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> "Either communism is among us, within us and through us, or it is nothing. It’s like love which, it seems to me, shares many things with communism: we miss it although it is always there, we hear it beating in the depths but we can’t grasp it. And even buried under millions and millions of bits, pixels, lies and pain, betrayals and tears, we still hear it."

there's a lot in this text that felt very encouraging to me right now, what parts struck you oranons? reading group thread?
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You aren't a member of the reading group, please leave this thread, only members are talking amongst themselves.



Wtf… so then make this thread private, dumb bitch!


The glow is strong with these replies

The whole night sky thing was neat
>>And even buried under millions and millions of bits, pixels, lies and pain, betrayals and tears..
I smell bloom


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Can we move on to a new article? This one is so dry i found sand in my panties


Only if we take a vote first this is a democracy.

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Hello, pals. I'm not doing great. I look at what's happening in Texas, and it's exactly what we all knew was going to happen. Climate change → extreme weather → grid failure → municipal collapse. The authorities, elected and otherwise, abandon the people. This is the moment we should have been preparing for, building networks of mutual aid, installing community microgrids, canning and pickling everything that you could eke out of a vacant neighborhood lot, and if we weren't preparing for it, we don't have an excuse any more. What needs to be done has never been clearer. And here I am, and it's just too much, guys. I want to stick my head in a drill press. I feel like somebody's taken a melon baller to my heart and scooped me out. There has never been better evidence that I am not suited for the times. I don't want to organize, I don't want to meet people or listen to their problems, I don't want to do any of the hard work that all the mutual aid groups in Texas are doing. I'm too lazy to go out and start a Food Not Bombs group and I'm too cowardly to throw Molotovs at ICE detention centers (pic related). Reading Inhabit was the first time in at least a decade I actually had hope, just for a second, but after watching myself sink deeper into the couch with every horror and indignity, that's long gone. I always thought that the two options were going to be revolution or collapse, but I never expected the revolution was going to happen during the collapse and I'd just…sit it out, like a fucking grub. What am I fucking doing here, guys?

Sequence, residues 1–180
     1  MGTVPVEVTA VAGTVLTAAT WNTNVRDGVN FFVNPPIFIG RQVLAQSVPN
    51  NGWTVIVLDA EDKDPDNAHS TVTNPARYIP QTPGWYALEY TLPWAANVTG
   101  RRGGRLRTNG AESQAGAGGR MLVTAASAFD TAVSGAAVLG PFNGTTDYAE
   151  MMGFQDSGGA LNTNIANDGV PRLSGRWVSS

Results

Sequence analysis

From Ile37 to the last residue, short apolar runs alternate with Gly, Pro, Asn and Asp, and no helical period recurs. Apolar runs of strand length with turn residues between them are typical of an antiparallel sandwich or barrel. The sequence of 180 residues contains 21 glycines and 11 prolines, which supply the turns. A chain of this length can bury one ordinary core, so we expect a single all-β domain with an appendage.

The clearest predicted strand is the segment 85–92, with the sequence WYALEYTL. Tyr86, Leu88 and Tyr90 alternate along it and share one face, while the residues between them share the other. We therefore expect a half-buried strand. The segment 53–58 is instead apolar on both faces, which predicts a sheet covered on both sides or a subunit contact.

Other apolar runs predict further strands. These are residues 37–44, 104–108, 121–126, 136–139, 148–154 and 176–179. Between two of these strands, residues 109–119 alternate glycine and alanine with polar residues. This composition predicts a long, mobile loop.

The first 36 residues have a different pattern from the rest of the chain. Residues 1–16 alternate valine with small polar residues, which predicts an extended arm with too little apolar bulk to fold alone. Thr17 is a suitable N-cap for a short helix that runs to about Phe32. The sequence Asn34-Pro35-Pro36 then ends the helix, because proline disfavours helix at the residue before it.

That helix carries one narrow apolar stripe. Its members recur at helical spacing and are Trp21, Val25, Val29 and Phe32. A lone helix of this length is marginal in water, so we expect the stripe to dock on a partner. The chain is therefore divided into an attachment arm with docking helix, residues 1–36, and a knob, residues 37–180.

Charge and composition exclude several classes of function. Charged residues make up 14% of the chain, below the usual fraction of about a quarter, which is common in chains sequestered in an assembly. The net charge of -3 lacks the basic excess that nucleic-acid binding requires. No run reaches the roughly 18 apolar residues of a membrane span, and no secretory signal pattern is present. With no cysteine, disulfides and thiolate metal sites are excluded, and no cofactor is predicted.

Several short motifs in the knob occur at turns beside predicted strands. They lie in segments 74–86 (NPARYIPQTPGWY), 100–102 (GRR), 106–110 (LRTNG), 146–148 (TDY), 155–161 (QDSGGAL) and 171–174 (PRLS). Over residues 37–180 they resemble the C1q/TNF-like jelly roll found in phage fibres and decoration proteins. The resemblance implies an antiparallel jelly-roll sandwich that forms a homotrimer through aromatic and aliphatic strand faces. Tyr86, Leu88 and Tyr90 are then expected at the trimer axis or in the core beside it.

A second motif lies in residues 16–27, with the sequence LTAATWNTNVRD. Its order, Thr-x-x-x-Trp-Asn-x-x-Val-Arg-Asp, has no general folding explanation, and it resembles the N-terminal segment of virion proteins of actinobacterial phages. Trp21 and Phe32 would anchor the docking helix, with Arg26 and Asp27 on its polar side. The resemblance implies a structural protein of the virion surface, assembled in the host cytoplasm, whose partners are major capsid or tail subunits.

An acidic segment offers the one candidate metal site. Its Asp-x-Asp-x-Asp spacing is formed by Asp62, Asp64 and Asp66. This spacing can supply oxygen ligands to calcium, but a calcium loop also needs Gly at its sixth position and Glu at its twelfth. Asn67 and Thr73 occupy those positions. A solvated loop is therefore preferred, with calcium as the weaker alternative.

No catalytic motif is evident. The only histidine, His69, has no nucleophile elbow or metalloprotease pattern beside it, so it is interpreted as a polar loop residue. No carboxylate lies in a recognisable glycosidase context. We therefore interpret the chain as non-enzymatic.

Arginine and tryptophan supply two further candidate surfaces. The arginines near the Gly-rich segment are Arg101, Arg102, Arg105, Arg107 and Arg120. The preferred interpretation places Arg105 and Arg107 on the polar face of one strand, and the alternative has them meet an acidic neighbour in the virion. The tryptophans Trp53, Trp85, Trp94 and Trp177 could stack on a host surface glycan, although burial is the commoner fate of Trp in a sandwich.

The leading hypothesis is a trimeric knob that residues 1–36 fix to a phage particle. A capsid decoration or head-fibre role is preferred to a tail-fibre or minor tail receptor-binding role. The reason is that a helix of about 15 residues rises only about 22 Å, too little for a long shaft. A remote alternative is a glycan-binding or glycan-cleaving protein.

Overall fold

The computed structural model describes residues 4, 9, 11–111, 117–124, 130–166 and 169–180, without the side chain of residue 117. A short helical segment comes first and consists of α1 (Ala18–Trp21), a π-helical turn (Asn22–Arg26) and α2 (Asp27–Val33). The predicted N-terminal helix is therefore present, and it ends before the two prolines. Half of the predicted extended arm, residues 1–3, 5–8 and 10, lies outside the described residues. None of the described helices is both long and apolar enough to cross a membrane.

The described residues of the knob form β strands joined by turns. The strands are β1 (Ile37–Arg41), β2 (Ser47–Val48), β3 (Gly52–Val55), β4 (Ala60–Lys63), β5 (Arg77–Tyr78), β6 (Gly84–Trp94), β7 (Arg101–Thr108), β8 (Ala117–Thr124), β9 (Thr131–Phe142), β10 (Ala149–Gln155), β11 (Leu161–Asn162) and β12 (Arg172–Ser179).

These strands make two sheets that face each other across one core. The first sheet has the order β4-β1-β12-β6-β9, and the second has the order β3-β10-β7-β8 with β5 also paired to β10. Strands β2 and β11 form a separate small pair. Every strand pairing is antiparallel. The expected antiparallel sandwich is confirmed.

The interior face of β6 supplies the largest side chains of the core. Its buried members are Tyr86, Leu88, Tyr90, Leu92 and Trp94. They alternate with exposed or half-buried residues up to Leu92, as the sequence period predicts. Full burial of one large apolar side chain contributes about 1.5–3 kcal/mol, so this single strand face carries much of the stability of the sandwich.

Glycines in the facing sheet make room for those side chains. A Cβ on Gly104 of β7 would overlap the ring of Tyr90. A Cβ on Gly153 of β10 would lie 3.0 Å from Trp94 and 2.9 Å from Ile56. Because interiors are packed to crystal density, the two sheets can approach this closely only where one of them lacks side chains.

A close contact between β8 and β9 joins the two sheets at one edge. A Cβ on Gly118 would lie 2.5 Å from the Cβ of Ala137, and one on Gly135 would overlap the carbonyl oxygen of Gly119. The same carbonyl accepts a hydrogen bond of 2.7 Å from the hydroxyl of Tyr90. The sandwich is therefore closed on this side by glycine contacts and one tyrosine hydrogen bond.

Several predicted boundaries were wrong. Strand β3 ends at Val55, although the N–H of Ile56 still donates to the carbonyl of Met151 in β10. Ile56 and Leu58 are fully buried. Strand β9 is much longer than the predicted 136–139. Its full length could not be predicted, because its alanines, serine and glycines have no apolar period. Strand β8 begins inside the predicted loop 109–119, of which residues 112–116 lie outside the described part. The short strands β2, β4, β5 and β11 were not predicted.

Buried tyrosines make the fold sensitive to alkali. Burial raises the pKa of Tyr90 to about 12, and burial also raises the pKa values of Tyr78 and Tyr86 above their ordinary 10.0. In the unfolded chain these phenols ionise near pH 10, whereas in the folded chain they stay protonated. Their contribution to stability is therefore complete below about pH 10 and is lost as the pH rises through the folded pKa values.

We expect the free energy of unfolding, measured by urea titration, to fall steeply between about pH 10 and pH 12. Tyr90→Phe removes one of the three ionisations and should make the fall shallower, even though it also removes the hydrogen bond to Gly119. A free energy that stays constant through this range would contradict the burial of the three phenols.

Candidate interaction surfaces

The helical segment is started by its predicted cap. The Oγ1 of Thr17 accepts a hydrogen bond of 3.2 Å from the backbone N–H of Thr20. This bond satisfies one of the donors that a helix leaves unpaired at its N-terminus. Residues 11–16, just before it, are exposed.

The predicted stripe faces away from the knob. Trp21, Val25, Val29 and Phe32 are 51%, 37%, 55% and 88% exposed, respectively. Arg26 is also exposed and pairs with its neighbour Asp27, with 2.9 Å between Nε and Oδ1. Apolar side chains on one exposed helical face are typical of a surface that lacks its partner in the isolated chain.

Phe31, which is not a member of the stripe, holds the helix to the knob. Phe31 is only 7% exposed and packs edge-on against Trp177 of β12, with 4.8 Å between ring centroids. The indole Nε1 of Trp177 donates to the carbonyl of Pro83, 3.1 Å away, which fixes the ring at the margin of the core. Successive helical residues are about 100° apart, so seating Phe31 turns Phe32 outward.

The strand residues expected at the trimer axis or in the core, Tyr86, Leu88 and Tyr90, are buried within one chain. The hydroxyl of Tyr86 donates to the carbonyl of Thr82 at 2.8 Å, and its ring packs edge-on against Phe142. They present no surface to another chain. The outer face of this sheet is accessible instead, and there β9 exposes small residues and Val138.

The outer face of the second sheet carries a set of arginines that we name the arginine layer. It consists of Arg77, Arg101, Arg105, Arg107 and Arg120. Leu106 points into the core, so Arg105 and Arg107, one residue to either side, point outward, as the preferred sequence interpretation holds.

I dont think you have to try and scramble to do any anarcho or commie prepperism

Is there anything you do in life that gives you some kind of small joy?



I dunno. I struggle a lot with depression, which I guess came out in that post, and one of the biggest manifestations of that is anhedonia. I like to handload ammunition, which is a fun hobby, but it's expensive. I like to listen to podcasts about social ecology. I like to make lists of all the flashlights and multitools I'd like to buy someday. Part of it is definitely a clash between what I want to do (very little, as a rule) and what I feel like I OUGHT to want to do–go out, organize, radicalize, etc. This leads to intense feelings of both guilt and shame for not doing enough.



So go do it, you clearly won't feel better until you self-actualize on the things you want to do. There really isn't going to be much better advice, everyone is suffering from depression now, and I've tried everything to make it better. In reality a lot of depression doesn't get better until you self-actualize and the only way to do that is to force yourself to do things. There is no easy solution, and any solution peddled to you that sounds easy isn't going to work.



To clarify, you're saying "just do it" to the mutual aid and community gardens and not to spending all my money on flashlights and gun lube?



Anything that involves you participating socially with other people on some work. What that specifically is, is completely agnostic honestly. You say you don't participate in mutual aid and community gardens, maybe you don't actually like gardening all that much? A lot of people lie to themselves about what they enjoy.

Pick something that you actually like and try to turn that into something participatory maybe. Like you said you like reloading ammo? Maybe set up a monthly training on reloading, or random talks on tearing down and maintaining guns. It doesn't take a rocket scientist to share your skillset with other people in a way that provides them value. And then in turn when they have some shit to share with you, you participate in their shit. Just showing up to mutual aid shit is half the battle.